3. Dlr E NS Vul


East opens 1C. Pass from you, 1D from West, pass from North,1NT from East, all pass.
a) What would you lead?

When playing in an average field of match point players, don’t believe everything you hear or see. That is my tip. While East’s rebid of 1NT should deny four hearts or spades, so many players will rebid 1NT with 15-17 and hide their four card major. I would never do that myself because I want my partner to trust me, but why should that make any difference to what others do? This did not have a happy ending for me, because I chose to lead the four of spades. I hate to lead the third from the jack as a rule, but NS were a shifty looking pair so I did lead the S4. Dummy had A9 and partner contributed the queen, declarer the king. When I won the club king I had to decide whether to continue with the jack of spades and hope partner had the queen, or to try a heart. I did the latter and the result was not pretty.

My partner did say later that, because it was obvious to her that my lead was from a three card suit (she does know the rule of eleven!) she considered playing her TEN at trick one, holding Q10xxx. “Don’t finesse against partner” is what they say, but do you think this time it would have been justified? It certainly would have made South’s life much easier, laying down the jack would then have been a no-brainer.

Finally, the really sticky one. Apologies but the South cards are to the left and the North to the right - exigencies.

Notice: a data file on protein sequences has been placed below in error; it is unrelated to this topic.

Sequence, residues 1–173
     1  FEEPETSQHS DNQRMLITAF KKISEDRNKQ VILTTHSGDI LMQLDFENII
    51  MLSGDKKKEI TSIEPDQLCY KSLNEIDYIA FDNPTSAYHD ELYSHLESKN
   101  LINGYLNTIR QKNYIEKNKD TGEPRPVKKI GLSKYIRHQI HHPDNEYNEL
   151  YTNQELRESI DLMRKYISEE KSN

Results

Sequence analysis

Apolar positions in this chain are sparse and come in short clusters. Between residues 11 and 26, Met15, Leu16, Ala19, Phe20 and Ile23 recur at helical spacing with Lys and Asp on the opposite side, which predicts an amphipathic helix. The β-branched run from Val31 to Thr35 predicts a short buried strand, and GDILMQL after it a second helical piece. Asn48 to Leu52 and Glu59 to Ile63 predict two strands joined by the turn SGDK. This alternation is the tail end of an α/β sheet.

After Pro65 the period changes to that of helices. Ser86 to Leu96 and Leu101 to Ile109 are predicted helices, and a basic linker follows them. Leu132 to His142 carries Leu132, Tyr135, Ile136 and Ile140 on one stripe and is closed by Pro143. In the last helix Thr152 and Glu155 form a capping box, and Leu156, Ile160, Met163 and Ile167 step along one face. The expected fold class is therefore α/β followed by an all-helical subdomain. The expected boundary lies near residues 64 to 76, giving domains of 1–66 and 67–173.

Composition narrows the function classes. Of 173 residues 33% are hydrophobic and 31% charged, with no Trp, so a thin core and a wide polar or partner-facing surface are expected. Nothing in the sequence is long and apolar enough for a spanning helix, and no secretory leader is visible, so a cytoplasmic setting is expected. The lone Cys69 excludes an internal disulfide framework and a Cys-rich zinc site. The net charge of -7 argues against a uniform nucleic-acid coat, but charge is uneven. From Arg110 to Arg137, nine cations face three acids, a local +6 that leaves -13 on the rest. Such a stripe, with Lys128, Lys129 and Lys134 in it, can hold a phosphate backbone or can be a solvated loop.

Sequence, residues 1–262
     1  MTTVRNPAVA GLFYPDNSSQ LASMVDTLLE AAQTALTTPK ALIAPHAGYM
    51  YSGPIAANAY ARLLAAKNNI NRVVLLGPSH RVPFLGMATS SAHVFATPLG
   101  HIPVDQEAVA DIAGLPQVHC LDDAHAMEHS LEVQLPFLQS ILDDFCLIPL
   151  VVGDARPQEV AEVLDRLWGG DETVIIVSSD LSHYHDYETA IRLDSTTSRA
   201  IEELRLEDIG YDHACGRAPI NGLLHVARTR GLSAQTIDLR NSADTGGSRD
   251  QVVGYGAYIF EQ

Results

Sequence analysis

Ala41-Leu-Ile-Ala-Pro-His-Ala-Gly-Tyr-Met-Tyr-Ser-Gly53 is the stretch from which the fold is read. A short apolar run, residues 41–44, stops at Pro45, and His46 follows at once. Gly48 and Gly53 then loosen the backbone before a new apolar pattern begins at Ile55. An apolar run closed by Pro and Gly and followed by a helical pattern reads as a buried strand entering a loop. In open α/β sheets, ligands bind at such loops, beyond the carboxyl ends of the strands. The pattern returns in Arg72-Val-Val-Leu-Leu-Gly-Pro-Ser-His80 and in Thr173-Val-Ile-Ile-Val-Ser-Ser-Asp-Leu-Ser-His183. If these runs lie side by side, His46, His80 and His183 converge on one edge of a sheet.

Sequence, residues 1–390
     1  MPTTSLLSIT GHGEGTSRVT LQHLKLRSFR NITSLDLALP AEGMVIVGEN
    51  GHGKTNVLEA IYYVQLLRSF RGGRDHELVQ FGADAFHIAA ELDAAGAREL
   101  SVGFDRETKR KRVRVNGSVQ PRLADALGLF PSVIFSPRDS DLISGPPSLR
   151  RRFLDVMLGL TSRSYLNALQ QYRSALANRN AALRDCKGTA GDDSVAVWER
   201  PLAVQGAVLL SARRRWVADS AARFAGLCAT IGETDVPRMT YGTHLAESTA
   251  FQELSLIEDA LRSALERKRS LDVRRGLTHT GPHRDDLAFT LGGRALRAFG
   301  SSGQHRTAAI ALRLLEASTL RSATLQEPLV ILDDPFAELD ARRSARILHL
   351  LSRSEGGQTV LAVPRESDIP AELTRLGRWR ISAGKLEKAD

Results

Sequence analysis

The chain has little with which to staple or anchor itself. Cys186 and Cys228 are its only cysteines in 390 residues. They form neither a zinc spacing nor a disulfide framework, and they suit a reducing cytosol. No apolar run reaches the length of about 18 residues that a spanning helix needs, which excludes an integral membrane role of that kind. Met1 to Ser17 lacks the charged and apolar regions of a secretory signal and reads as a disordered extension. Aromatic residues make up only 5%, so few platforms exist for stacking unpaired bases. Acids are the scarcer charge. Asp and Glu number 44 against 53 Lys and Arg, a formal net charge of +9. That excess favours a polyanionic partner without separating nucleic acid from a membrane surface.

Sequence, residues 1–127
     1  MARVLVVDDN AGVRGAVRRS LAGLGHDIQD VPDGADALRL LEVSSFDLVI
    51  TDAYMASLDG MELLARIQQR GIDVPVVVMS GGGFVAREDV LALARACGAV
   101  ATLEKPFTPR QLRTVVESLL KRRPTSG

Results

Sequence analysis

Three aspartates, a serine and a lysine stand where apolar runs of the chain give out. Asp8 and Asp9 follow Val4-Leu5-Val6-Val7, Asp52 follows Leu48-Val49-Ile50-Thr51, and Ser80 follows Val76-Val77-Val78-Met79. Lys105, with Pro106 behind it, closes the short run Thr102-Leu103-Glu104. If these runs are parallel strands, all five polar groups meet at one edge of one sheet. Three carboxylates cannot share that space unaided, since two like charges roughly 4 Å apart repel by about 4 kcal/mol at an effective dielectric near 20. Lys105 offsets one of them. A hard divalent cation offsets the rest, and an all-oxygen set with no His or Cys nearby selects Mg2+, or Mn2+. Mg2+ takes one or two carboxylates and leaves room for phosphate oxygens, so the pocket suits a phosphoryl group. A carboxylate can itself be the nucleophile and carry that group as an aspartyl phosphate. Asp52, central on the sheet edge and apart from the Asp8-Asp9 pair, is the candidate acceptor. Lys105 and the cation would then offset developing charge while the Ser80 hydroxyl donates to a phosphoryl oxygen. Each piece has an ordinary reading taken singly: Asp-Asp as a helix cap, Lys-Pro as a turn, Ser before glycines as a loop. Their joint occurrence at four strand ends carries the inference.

4. Dealer S Nil Vul


You open 1S, not everyone’s choice of an opening bid, but being the adventurous type, you do. 2H from partner, 2S from you. 3D from partner, and what can you do? You have no choice, and bid 3NT. West leads the ten of clubs. How would you play this, given that the defence is going to be sensible, or possibly even perfect. Any ideas?

I was surprised that nearly all our panel started with the queen of spades and then expected the defence to continue clubs after winning the ace on the second round. But why would they? I hope your defensive play is better than that, and you will do what NS should do, and after winning the second spade lock you in dummy for ever after, which would lead to five tricks for them. Given that the defence will be perfect, what, then, is your best legitimate chance of making 3NT? I believe it is to lead the two of spades to the jack in hand. This may trick North into winning the ace but hardly likely. But at least it gives you a certain entry to your hand. Using that certain entry, you can then play diamonds the best way you can to set up tricks in that suit, by either running then TEN or leading to the NINE. If the jack is with West, you can hope for four diamond tricks, one spade, one club, and three in some sort of end play in hearts and clubs.

But wait, there’s more, a stop press contribution from Russell, who would start the same way, spade to the jack, then a diamond, but put up the queen from dummy. If that holds, spade queen and overtake with SK just in case East started with SAxx and ducks again. Then a diamond towards the king in dummy and hope for the best. If defenders take second spade lead, play diamonds from the top when
they lock you in dummy with a heart.

In fact West had Axx and East Jx of diamonds, so I have to concede this one to superior declarer play, Russell’s play would have worked and mine didn’t. And on reflection, it makes a bit more sense.